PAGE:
IH: Have you done one of the Beasts before?

RW: I’ve only done one before and it lasted 2 hours so. They’re all difficult, but it will be nothing like this race coming up. I really have no idea what to expect in a way. Very sadly, the reigning champion from last year who I have been duking it out with in all these last races just tore her meniscus today.

IH: Now that’s a bummer!

RW: Yeah. There will still be plenty of really good competition from Australia, from Canada but it’s kind of crazy. She was definitely the favorite to win; most people would agree.

IH: Now is this the woman who is ranked number one overall? RW: Oh yeah, she’s the reigning world champion and the course is so suited for her. She’s not as much a runner like I am. She loves power hiking and lifting heavy stuff up mountains and I’m more “Can we just run and do strength to bodyweight stuff?” I’m not super big–I’ve gained some muscle mass and I’m trying to get stronger–but it’s a whole other world out there when you’re going against people who are ex-military or own crossfit gyms. It’s just a whole other level.

IH: Is this the end of your season or do you have other races

RW: It’s actually the beginning of the championship season believe it or not. The World Championship is first but then we have a couple fun races like the team world championship where 4 people from Hungary, 4 people from Australia and England come and battle which is really cool. There is an age group one as well; one for the east coast and one for the west coast. All these other championships are great but this one [in Vermont] is the main one so it’s nice to be in your peak and the mindset racing hard but be in the freshest for the first, most important race.

IH: The sport of obstacle racing is gaining a lot of attention lately; from grassroots growth to the national level. You’ve had the opportunity to be on NBC and ESPN– RW: I haven’t been on ESPN but on NBC Sports.The last one actually, in Vermont, will be on NBC. So not NBC Sports but the real deal. I just got my itinerary for the different interviews I’ll be doing. Good thing I like this stuff. I’m not camera shy or anything–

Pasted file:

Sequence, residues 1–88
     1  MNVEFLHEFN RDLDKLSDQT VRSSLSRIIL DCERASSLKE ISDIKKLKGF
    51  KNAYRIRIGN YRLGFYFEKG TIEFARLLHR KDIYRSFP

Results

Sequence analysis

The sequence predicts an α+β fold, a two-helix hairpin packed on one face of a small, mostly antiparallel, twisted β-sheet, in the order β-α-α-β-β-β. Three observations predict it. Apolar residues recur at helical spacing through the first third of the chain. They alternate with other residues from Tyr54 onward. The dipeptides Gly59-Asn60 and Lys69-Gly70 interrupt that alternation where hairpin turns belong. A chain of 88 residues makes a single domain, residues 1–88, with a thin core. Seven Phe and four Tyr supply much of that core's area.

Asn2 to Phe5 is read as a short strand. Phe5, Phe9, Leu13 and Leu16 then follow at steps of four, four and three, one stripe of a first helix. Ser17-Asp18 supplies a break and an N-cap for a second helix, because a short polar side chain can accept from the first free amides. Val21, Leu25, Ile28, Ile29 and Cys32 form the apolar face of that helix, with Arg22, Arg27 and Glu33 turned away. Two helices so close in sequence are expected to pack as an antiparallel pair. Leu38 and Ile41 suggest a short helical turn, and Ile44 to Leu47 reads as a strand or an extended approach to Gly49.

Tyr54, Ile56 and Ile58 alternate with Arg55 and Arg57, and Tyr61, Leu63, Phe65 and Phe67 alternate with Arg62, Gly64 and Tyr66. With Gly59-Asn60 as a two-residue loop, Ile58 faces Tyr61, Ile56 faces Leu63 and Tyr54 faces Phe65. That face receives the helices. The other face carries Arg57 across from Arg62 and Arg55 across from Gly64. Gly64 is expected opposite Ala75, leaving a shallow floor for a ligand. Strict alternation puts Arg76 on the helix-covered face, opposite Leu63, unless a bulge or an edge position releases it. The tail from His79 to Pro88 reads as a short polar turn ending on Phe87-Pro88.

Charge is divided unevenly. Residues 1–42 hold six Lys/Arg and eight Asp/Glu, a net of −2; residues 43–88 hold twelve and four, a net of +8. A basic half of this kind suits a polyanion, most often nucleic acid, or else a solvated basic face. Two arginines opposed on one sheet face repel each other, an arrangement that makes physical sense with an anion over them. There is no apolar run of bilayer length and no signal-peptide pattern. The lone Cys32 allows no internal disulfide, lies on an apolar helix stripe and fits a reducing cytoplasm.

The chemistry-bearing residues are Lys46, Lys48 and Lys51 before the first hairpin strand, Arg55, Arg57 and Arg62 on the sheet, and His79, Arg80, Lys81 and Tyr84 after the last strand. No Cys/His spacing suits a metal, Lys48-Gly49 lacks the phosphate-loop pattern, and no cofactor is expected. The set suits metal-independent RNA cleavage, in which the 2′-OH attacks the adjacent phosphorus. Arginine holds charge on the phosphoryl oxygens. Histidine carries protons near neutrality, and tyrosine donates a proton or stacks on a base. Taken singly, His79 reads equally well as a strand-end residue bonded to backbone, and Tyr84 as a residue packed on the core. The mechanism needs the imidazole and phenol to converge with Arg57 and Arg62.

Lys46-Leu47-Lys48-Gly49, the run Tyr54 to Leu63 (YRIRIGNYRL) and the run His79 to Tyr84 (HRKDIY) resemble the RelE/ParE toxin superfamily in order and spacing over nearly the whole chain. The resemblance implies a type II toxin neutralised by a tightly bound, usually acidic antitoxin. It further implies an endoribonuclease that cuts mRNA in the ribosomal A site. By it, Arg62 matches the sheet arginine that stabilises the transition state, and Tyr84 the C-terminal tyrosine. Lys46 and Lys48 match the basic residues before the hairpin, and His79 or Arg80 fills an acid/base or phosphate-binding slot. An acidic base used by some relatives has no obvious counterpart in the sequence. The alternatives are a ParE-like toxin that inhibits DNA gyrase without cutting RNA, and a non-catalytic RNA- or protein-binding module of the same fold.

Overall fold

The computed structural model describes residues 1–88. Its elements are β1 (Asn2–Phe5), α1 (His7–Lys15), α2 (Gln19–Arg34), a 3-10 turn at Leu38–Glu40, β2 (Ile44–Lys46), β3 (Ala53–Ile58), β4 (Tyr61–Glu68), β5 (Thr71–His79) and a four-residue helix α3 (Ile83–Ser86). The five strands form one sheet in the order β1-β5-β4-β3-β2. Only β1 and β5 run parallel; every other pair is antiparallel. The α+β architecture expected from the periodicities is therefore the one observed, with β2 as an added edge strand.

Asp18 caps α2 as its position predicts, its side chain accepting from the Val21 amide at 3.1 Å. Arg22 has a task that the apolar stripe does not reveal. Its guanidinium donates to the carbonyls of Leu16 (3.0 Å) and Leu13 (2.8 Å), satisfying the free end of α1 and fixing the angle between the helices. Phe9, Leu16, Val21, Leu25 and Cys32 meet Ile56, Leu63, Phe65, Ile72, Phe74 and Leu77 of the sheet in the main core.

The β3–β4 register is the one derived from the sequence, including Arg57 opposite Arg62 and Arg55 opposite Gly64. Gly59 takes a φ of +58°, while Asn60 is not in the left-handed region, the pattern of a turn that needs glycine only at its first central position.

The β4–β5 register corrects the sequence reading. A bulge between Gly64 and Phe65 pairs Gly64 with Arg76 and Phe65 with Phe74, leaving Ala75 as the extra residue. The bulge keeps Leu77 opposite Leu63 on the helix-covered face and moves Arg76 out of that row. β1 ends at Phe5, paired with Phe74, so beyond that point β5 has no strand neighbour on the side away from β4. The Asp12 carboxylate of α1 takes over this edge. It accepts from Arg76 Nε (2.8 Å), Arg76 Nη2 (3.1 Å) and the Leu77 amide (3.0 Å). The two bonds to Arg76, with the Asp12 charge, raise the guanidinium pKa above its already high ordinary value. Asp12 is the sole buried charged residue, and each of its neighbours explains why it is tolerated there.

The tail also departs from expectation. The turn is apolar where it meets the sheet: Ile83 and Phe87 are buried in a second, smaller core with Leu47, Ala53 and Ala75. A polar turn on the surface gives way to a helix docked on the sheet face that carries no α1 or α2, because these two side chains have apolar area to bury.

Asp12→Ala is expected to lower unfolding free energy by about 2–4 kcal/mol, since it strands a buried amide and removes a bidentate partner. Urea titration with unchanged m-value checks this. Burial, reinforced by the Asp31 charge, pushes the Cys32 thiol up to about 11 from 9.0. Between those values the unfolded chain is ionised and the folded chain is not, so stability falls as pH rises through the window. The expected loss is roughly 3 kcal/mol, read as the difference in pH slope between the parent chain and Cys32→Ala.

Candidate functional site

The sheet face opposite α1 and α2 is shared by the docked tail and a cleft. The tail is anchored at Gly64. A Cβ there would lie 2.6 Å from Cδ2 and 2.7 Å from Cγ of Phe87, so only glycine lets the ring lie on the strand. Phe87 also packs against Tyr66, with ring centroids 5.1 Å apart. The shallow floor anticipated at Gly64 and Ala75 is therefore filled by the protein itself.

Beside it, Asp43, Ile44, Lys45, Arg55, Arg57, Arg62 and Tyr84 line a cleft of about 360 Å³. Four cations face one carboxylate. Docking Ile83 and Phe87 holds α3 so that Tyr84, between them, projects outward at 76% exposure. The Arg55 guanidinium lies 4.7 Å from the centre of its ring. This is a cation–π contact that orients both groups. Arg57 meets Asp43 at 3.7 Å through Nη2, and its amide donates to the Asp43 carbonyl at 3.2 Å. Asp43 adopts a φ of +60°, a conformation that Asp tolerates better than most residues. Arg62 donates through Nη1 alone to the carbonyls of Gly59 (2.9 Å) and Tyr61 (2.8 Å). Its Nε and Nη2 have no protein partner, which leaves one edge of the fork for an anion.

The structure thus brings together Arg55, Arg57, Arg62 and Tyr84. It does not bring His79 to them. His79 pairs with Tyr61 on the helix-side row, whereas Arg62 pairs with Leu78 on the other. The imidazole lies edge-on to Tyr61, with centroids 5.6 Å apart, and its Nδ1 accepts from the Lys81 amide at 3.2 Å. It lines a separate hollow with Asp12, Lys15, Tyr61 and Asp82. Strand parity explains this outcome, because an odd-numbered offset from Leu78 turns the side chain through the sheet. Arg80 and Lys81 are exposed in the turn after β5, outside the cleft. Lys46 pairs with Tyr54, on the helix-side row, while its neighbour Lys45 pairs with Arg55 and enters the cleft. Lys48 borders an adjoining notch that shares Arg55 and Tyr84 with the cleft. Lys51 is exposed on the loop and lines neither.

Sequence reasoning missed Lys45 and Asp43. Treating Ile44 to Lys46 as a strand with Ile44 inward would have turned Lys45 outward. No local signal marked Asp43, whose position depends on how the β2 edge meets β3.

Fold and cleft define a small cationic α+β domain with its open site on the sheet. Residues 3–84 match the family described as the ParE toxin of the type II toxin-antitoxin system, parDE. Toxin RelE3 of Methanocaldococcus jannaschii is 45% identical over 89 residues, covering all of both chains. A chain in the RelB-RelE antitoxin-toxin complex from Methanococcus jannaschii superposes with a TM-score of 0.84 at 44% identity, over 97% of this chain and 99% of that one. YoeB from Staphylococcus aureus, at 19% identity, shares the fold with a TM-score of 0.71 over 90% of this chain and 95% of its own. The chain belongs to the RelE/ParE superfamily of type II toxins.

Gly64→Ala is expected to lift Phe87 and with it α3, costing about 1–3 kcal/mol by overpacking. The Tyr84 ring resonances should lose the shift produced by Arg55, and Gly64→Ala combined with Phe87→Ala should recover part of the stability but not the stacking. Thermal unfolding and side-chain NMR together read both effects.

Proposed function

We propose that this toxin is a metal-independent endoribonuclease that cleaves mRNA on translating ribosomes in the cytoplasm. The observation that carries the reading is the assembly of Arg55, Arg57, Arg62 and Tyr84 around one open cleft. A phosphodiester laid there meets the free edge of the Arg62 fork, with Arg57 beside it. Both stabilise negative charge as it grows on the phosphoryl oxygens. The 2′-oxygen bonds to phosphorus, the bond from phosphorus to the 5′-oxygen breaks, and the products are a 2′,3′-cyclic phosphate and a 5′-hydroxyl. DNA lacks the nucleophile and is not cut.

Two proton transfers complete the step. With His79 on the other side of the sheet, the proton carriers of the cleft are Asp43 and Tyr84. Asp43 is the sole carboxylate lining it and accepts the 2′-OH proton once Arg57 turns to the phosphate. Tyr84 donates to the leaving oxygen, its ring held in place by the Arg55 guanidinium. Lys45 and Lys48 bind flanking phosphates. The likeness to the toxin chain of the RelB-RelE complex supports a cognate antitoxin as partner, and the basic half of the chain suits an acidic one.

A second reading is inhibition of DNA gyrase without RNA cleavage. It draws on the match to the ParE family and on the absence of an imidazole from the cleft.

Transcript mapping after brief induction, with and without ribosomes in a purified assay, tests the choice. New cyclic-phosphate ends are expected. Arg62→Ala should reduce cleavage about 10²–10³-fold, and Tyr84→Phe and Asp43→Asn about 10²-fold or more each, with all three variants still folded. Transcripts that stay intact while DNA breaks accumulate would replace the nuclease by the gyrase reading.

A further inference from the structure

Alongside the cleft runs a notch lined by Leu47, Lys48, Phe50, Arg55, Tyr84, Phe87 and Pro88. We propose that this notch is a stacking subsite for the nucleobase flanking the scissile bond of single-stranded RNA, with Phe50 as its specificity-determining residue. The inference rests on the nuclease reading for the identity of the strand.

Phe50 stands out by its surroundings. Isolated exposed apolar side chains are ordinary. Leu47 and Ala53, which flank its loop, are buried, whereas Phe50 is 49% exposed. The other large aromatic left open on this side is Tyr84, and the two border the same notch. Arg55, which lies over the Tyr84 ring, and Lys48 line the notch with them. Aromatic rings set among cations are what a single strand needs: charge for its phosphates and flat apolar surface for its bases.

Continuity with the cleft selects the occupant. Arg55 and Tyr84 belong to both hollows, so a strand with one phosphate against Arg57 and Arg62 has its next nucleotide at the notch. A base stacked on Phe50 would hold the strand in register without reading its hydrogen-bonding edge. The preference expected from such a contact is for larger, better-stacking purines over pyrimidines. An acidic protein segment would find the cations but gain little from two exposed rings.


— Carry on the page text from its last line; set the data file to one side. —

IH: No, not at all.

RW: I know. [Laughs] “Wait, you want to talk to me? What? Oh Hi! OK!” When you’re the eighth of nine kids you don’t necessarily get oodles and oodles of attention so later on I can be like “Oh, you actually think I have something important to say? OK, Great!” I appreciate it even more, we’ll just put it that way.

IH: How has it been, this transition from the track and field world–which isn’t necessarily as high profile–to now doing magazines, interviews and TV spots?

RW: It’s been fun because it’s just something that I enjoy and I can feed off the energy of other people. The Facebook likes and the comments. I have this very extroverted side that really soaks it in and I feel like I really do appreciate more. Not that I didn’t get attention as a child because I was plenty loved as a kid, no doubt, but it’s just a little different and when there’s that many kids you can get lost in the crowd. Later on you can rise out and feel special due to this one talent – not that I really only have one talent – It’s just been such a great adventure and great ride and I feel really grateful to everyone who’s contributed to coaching me and supporting me to get to where I am now. I feel like it’s been a great way to say thanks to just do well. You guys [at InHealth] have done so much for me; I’ve stayed injury free – knock on wood of course, because it could all just go out the window – I’ve stayed injury free for a couple years now and that never was happening before. The ability to train consistently is key.